Osteoporosis is a systemic progressive bone disease, in which the bone mass gradually decreases over time resulting in the loss of bone strength. The bones become fragile, and the risk of fractures increases. The main pathobiochemical cause of osteoporosis is disrupted phosphorus-calcium metabolism. The process of synthesis and decomposition of bone tissue is carried out by specialized bone cells – osteoblasts and osteoclasts. Osteoblasts participate in the synthesis of a new bone substance, whereas osteoclasts destroy it. Normally this system is in equilibrium, which means that new cells are synthesized to replace the destroyed cells (1).
Bone mineral density (BMD) is a test used by health care providers to examine segments of bone tissue through X-rays in order to detect or rule out osteoporosis. According to WHO criteria, osteoporosis is present if a value of BMD, measured by dual-energy X-ray absorptiometry (DXA) on the spine or hip, more than 2.5 SD below the normal peak values for young adults (T-score < ?2.5) (1).
Though, BMD measurement serves as a pivotal mainstay in the decision to initiate an anti-resorptive treatment and the test is widely used to monitor treatment efficacy, BMD alone isn’t enough for the treatment monitoring. A new tool allowing to detect the dynamics of bone remodeling with respect to bone formation and resorption is molecular markers of bone metabolism. A variety of reliable, cost-effective, sensitive bone turnover markers (BTMs) complement the measurement of BMD, which is current gold standard test for the diagnosis of osteoporosis. BTMs are especially effective in the management of osteoporosis, and particularly in the follow-up of those individuals who have been on antiresorptive or bone formation therapies (2).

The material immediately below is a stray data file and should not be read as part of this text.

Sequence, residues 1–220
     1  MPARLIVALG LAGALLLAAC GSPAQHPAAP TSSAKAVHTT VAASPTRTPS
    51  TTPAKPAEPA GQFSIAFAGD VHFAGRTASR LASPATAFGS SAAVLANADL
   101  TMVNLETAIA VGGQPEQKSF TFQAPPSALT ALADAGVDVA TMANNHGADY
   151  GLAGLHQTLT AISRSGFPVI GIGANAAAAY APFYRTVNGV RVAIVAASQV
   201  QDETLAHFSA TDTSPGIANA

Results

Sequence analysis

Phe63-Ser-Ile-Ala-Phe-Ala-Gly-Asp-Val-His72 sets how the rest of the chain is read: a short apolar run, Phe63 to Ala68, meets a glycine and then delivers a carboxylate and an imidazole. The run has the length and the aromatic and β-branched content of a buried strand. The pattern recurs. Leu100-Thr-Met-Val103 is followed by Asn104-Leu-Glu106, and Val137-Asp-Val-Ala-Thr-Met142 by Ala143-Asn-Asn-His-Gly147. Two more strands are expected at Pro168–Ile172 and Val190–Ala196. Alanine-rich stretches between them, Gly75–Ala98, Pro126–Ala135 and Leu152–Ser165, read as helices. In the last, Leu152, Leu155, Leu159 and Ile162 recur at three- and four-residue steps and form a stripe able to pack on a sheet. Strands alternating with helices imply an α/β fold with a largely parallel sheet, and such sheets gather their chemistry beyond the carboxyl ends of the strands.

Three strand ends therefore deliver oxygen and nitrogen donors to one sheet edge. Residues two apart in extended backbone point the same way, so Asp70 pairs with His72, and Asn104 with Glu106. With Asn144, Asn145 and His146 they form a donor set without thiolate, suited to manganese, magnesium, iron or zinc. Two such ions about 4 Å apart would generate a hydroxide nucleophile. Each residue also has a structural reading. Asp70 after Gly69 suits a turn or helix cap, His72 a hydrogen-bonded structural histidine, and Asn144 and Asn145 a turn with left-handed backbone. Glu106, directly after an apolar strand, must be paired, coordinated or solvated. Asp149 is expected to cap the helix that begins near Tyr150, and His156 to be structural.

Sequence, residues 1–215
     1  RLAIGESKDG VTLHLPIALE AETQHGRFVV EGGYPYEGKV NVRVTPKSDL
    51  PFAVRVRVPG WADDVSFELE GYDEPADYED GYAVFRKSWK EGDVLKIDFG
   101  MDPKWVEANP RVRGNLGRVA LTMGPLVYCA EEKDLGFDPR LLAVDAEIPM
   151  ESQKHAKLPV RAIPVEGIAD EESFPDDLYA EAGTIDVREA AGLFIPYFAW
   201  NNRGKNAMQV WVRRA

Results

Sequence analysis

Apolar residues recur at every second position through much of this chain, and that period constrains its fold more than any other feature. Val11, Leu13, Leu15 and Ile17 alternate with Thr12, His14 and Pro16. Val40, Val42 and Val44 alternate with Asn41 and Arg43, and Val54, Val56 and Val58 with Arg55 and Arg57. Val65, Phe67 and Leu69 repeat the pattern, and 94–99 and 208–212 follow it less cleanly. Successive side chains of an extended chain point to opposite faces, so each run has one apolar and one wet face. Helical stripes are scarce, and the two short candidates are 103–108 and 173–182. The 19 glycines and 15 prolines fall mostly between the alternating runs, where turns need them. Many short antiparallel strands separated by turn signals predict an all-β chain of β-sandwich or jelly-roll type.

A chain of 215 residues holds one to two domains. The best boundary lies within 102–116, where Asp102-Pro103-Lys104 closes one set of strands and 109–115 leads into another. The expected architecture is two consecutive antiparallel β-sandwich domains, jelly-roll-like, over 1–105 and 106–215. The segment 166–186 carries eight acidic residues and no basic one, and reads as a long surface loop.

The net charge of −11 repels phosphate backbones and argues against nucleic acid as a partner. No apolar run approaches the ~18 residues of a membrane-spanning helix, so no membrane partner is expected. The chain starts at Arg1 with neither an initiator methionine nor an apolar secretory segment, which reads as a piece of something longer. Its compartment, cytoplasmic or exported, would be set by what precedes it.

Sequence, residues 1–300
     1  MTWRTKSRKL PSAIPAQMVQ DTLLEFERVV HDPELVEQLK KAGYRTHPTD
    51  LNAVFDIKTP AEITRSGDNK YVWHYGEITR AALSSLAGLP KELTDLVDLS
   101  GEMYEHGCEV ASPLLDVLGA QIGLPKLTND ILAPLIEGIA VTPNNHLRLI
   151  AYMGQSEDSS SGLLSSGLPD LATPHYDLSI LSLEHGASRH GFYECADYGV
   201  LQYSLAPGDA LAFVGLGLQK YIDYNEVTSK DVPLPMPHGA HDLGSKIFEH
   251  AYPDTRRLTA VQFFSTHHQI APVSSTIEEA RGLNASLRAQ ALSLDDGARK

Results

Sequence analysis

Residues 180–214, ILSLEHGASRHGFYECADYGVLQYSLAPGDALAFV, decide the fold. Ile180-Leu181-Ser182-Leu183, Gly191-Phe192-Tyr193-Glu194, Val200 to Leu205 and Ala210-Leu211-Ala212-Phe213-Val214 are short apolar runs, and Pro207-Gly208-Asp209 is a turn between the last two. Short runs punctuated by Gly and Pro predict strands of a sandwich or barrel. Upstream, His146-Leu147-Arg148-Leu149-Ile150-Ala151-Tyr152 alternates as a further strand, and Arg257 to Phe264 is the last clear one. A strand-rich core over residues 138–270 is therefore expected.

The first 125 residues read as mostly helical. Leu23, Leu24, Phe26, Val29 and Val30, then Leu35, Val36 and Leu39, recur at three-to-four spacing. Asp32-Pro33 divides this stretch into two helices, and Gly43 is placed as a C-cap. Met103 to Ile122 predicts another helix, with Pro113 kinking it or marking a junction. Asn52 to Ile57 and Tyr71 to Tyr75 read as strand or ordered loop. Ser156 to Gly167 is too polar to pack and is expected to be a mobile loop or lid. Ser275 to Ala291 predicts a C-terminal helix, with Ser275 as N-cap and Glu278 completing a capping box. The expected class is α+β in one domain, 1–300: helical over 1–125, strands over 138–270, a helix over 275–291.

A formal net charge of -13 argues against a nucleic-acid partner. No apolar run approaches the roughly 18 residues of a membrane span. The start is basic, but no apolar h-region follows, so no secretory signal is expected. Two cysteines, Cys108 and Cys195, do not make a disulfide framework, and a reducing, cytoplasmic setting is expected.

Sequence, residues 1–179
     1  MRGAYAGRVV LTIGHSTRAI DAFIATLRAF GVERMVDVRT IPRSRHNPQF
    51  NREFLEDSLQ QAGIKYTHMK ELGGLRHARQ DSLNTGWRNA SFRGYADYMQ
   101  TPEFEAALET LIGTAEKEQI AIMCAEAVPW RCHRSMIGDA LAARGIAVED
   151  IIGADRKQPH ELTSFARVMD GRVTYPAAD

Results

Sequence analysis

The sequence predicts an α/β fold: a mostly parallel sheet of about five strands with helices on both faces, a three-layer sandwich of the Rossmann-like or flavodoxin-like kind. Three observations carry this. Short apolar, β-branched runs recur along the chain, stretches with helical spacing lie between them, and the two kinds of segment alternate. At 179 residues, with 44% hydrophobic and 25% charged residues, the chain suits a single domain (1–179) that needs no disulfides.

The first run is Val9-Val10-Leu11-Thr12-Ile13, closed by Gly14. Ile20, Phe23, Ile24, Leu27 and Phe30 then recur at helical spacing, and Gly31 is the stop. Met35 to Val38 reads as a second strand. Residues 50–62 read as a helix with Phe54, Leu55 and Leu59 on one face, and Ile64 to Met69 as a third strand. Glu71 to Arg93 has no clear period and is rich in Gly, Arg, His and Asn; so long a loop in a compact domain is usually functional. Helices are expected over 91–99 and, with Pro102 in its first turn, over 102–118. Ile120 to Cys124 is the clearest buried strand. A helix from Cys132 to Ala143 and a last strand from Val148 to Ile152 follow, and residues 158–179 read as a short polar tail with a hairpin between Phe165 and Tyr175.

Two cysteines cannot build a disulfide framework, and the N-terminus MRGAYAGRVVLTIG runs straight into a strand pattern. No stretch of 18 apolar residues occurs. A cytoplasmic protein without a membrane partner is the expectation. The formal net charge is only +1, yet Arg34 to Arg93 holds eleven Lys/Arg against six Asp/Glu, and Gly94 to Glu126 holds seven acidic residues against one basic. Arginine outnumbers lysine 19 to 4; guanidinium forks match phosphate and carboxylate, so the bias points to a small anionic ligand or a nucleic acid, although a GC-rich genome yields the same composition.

BTMs are biochemical materials which levels are measured in blood and urine, and then their values are used to examine the metabolic activity of bone tissue. Markers do not have any part in controlling skeletal metabolism. BTMs are divided into formation and resorption markers. Osteoblastic cells produces bone formation turnover or it may be even derived from procollagen metabolism. The degradation products of collagen or osteoclasts are the resorption markers (2).
Not only BTMs are helpful in assessing of the ongoing bone remodeling but also provide pharmacodynamic information on the therapeutic response to osteoporosis medications, therefore are essential for the optimization of therapy. MTMs are particularly useful in assessing the patient's compliance to osteoporosis medication, where drug compliance can be a big issue. Monitoring compliance and adherence to treatment is especially important in the case of bone resorption inhibitors (2).